September 24, 2020

Banned: CHEC’s parent company by World Bank


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Jamaica’s Contractor General, Greg Christie

When you read it, note that the company involved is the parent company of China Harbour Engineering Company (CHEC). This is the company Cayman Islands premier, McKeeva Bush signed a Memorandum of Understanding to construct two finger piers in George Town.

World Bank bans CJIA contractor

“The World Bank Group has identified corruption as one of the single greatest obstacles to economic and social development in its member countries, inclusive of Jamaica.”

The parent firm of the Chinese firm that was controversially awarded the US$150M deal by the Bharrat Jagdeo administration to rebuild the Cheddi Jagan International Airport (CJIA,) was banned by the World Bank three years ago for corruption, Jamaica authorities have said.

Jamaica’s Contractor-General, Greg Christie, was yesterday quoted by the Jamaica Gleaner, as saying that China Communications Construction Company Limited (CCCC) has been debarred since January 2009, by the World Bank, under the Bank’s ‘Fraud and Corruption Sanctioning Policy.’

CCCC is the parent company of China Harbour Engineering Company (CHEC) which was controversially awarded the contract to carry out massive expansion works on CJIA in November last year. That contract was secretly inked in Jamaica and Guyanese only learnt of it after it was reported in newspapers there.
The Guyana government has heavily defended the airport deal saying that it will target markets from Asia and Africa for passengers.

Yesterday, the independent Office of the Contractor General (OCG), which is tasked with monitoring government contracts in Jamaica, issued a strongly worded statement.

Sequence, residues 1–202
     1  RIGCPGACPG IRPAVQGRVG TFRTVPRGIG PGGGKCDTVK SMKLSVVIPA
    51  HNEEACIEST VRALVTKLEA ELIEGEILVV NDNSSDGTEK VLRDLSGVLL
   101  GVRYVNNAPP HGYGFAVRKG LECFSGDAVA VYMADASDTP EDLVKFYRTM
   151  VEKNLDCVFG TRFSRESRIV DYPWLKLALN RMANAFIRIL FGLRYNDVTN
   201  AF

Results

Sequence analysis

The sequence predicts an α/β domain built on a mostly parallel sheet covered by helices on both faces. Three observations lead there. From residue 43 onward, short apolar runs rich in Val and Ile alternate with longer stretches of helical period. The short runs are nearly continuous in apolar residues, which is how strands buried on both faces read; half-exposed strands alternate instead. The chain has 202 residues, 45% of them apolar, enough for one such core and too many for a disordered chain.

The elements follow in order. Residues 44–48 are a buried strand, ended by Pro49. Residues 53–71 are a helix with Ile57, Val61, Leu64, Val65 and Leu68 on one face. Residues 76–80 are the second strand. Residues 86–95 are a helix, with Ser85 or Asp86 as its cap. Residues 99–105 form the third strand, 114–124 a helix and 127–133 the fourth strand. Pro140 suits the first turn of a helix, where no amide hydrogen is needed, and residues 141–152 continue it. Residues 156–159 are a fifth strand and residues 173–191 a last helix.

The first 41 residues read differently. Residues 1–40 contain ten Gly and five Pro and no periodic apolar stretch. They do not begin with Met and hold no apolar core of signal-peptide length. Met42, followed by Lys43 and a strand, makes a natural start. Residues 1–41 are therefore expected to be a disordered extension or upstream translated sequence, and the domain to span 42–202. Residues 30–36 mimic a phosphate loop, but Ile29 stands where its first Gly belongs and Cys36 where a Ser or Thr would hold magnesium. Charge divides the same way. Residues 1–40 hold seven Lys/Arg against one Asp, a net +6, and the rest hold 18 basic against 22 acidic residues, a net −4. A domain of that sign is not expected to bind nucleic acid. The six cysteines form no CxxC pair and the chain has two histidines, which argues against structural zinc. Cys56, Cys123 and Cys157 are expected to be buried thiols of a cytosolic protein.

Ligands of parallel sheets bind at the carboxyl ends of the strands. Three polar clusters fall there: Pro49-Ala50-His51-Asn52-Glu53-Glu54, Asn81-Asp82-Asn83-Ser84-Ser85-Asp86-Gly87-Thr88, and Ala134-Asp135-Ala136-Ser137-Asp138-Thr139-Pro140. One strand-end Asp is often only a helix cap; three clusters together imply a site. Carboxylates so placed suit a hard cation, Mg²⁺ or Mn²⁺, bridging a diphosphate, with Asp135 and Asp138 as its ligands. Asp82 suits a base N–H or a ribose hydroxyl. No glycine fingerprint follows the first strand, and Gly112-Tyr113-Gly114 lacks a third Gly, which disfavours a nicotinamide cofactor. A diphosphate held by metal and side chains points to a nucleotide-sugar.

The OCG said under the terms of the World Bank debarment, CCCC and “any firm directly or indirectly controlled by CCCC”, have been declared ineligible to be awarded any World Bank-financed contracts that are related to “roads and bridges”, during the period January 12, 2009 to January 12, 2017.

It said that CHEC is a major subsidiary of CCCC, and one of the two entities that is currently listed by CCCC as its “overseas business” as such the debarment automatically extends to CHEC.

The World Bank Group has identified corruption as one of the single greatest obstacles to economic and social development in its member countries, inclusive of Jamaica.

However, the bank has been combating corruption and fraud in public sector contracting to prohibit its member countries from awarding World Bank financed contracts to any of the firms or individuals that the bank has sanctioned under its Fraud and Corruption Policy.

Since 1999, more than 330 firms and individuals have been sanctioned and debarred by the Bank for engaging in fraud and corruption on World Bank financed projects.

The new information about CHEC’s parent company is the latest controversy in relation to the Government of Jamaica’s business dealings with the company, the Jamaican Gleaner report said.

In August 2009, CHEC was awarded a US$400 million contract, on a sole-source basis, by the Government, to execute its Jamaica Development Infrastructure Programme.

The loan agreement between the China Exim Bank, which financed $340 million of the contract sum, and the Government, was signed in February 2010. Both agreements were, executed several months after CHEC had been debarred by the World Bank.

In commenting on the developments regarding the World Bank’s debarment of CHEC, the Contractor General, Greg Christie, has raised the issue as to whether the Government, in its due diligence exercises, if any, had identified CHEC’s debarred status and, if so, what decisions were taken by it about the matter.

“Now that it is known that the World Bank, in the judicious application of its anti-fraud and anti-corruption policies in public contracting, has had cause to sanction and to debar CCCC and CHEC from receiving World Bank financed contracts, the obvious question that now arises is whether this is something that the Government, as a matter of good, prudent and diligent business practice, intends to be guided by in the award of its own contracts that are financed from non-World Bank sources,” Christie said.

“The OCG, in keeping with its mandates under the law, has always been of the view that Jamaica’s economic development must be pursued in a sustainable and responsible manner, and within an appropriate system of institutionalized independent checks and balances which will ensure probity, transparency, accountability and value for money in all Government commercial transactions,” he continued.


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